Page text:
An increasing number of highly sophisticated and dangerous firearms are showing up on the streets of Washington, prompting D.C. police officials to consider equipping patrol officers with more advanced weapons that can be fired and reloaded more rapidly.

Rank-and-file police officers here have joined thousands of officers across the country in pressuring their departments to issue them semiautomatic pistols similar to those in the hands of drug dealers and other criminals.

In the last several weeks, District patrol officers have confiscated a growing number of semiautomatic and automatic weapons, including an Uzi-style submachine gun and an Uzi carbine, according to a police department circular distributed this month by Police Chief Maurice T. Turner Jr. to every officer.

"It's a new phenomenon," said Gary Hankins, chairman of the labor committee of the Fraternal Order of Police. "Until last year, automatic weapons were virtually nonexistent on the streets of Washington. It's become increasingly clear that the average criminal that we deal with now has outgunned the police."

Capt. William White III, a police spokesman, said that in the last six months, seven automatic or semiautomatic weapons that resemble submachine guns have been confiscated by police, compared with six such weapons seized in the previous 12 months. One such weapon was seized in 1985 and two in 1984.

"These weapons have the capability of firing anywhere from 20 to 32 times without having to reload the gun," White said.

A semiautomatic weapon fires each time the trigger is squeezed. "In a fully automatic weapon, as long as you depress the trigger the weapon will fire. Many of them will fire hundreds of rounds a minute," Hankins said.

Many officers want the department to issue 9 mm semiautomatic pistols to replace the 4-inch-barrel Smith & Wesson and Colt .38-caliber revolvers that D.C. officers carry, Hankins said. The major differences are that a semiautomatic pistol can fire 16 rounds and a revolver holds six rounds, and revolvers require a stronger trigger pull, police said.

"So if you're involved in an exchange of gunfire, you're going to run out of ammunition long before your opponent does and while you're trying to reload, you're exposed to deadly fire without defense," said Hankins.

A growing number of police departments nationwide are permitting their officers to carry semiautomatic weapons, according to law enforcement officials.

The Los Angeles Police Department allows its officers to carry semiautomatic pistols under a two-year pilot program. Houston police officers buy their own weapons, and after one year of experience on the force they are permitted to carry semiautomatic pistols. Since 1970, Chicago patrol officers have been permitted to carry semiautomatics along with their revolvers. Chicago officers, who also buy their own weapons, have to qualify to carry semiautomatics and are retested on the firing range each year.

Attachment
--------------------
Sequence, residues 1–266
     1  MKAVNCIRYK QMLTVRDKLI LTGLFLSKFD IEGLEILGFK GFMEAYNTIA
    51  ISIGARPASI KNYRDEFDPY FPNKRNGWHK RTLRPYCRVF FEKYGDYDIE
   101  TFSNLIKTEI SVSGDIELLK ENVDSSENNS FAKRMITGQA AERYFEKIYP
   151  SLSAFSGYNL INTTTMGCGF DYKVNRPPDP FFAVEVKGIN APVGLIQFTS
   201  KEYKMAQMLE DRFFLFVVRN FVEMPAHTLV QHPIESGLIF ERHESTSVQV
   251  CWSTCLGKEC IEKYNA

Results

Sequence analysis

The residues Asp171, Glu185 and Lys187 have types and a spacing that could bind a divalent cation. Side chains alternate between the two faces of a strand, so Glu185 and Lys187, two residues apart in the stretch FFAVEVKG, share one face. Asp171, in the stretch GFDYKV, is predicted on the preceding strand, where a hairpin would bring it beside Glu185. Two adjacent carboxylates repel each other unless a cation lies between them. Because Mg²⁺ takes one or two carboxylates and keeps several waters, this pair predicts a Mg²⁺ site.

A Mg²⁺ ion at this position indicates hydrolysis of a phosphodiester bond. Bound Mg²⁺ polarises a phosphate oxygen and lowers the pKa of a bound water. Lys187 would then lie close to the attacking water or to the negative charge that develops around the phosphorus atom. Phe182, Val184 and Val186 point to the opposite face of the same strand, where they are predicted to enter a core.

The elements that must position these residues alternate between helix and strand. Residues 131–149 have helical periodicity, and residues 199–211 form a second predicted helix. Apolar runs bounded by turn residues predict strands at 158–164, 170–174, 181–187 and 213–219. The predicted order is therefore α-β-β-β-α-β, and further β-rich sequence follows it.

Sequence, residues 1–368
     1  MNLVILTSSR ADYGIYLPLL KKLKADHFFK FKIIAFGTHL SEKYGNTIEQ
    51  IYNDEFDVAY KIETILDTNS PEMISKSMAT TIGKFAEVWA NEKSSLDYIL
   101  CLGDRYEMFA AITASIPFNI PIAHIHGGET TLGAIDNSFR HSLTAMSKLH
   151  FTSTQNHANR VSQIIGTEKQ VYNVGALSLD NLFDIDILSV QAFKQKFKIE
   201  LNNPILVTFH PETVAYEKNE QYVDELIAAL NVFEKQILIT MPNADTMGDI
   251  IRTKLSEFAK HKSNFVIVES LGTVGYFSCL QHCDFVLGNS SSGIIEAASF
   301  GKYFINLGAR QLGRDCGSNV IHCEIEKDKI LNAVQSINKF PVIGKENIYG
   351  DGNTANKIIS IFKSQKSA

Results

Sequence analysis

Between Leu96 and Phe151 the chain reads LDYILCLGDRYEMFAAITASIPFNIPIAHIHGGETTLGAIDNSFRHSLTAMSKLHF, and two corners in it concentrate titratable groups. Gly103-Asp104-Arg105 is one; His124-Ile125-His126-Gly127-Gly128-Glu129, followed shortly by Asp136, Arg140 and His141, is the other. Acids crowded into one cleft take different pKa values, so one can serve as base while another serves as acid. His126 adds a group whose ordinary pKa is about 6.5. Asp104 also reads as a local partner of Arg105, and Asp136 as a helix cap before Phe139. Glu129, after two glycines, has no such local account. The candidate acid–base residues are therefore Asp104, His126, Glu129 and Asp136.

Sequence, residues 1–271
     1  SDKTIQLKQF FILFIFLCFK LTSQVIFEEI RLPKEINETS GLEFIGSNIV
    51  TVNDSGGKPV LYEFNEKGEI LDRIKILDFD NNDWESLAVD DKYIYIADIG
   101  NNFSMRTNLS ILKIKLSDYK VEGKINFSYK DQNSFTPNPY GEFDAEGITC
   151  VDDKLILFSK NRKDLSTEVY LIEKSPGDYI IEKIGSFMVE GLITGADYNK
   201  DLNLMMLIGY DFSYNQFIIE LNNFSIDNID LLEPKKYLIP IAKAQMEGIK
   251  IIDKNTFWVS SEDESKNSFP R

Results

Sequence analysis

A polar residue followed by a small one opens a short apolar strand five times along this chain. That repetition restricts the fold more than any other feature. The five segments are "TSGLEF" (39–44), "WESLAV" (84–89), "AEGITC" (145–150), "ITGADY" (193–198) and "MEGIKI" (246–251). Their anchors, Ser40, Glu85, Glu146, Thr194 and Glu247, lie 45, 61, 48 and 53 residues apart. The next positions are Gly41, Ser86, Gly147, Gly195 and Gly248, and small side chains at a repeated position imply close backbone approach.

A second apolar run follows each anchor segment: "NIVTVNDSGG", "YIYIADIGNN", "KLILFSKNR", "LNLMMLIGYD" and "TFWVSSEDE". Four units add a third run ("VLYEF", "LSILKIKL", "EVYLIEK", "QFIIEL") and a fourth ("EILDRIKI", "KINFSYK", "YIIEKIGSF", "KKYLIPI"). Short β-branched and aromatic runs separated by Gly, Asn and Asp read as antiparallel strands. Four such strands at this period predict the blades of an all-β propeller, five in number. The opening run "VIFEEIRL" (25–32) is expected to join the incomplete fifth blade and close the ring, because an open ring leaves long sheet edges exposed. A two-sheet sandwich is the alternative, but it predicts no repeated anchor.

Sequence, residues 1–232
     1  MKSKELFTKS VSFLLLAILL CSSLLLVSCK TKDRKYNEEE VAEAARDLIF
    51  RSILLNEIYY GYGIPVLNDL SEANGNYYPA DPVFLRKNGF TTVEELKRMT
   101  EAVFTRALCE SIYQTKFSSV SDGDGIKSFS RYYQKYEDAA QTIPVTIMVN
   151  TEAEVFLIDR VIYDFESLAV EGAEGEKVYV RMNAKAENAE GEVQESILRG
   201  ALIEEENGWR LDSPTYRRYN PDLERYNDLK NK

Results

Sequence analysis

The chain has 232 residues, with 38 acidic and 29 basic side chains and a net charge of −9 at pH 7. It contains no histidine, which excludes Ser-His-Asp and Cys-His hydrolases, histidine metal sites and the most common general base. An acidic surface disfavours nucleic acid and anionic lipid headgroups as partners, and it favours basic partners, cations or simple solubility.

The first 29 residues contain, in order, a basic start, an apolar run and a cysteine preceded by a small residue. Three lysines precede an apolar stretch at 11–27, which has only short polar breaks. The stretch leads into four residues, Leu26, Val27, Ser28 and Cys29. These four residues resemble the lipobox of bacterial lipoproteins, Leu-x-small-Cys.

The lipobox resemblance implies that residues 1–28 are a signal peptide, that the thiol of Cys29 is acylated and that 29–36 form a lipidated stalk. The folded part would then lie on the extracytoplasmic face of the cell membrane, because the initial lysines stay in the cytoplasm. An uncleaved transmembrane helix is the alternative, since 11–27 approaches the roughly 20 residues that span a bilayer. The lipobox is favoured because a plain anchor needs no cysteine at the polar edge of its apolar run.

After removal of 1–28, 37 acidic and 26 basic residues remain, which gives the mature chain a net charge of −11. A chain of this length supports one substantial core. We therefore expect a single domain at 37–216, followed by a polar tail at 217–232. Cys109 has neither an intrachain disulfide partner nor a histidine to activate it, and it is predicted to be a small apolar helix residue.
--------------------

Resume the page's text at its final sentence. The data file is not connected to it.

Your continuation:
The Largo, Fla., police department is converting to the 9 mm semiautomatic, said Holley Stever, one of Largo's 106 officers. "An officer was killed in Bay Palms last month trying to reload his revolver that had only six rounds. The semiautomatic is also much easier to load in the dark when your hand is shaking with adrenalin."

The D.C. police department already issues semiautomatic pistols to members of its Emergency Response Team, which responds to such situations as barricades and terrorist acts. The department has not issued the pistols to every officer, partly because of the increased cost and the belief of some officials that the revolver now in use is adequate.

White said that the semiautomatic weapons also come with a higher possibility of accidentally discharging or jamming.

But the police spokesman said the department is concerned that officers may be at a disadvantage when they confront a criminal armed with an automatic weapon.

"The department is conducting a study and survey involving other urban police departments throughout the country to determine whether or not the handguns we currently issue are adequate in light of the recent increase in drug-related violence," White said. "Fifty-three percent of the homicides committed have been drug-related, which reflects an increase in the type of violent crimes that are occurring within the city.

"Under no circumstance do we want to put members of the department in a life-threatening situation because of inadequate equipment."

Police officials said that because of escalating violence and the increasing use of automatic weapons on D.C. streets, a number of agents with the federal Bureau of Alcohol, Tobacco and Firearms will begin to help police trace the origin of those weapons.

"The difference between an automatic weapon and a service revolver is devastating," said Hankins. "If you have an automatic weapon, you can point the gun in the direction of the officer and shoot 15 or 20 rounds and you have 15 or 20 chances of hitting that officer in one second or two seconds, while he can get off maybe one round in that same period of time and his chances of hitting you are once."

Police officials said that a conversion to new police weapons would be costly because more than 3,000 new pistols would have to be purchased. But patrol officers argue that the cost would be reduced by a trade-in of their revolvers. "With a trade-in, the new weapons would cost a couple of hundred dollars each," Hankins said. "The cost of switching would be less than 1 percent of the budget, and given the threat that we're facing, I don't think that's expensive at all."

In a similar push to protect themselves five years ago, the police union demanded that the department equip its members with bullet-proof vests. The department issued the vests after money was raised from the city and private donations.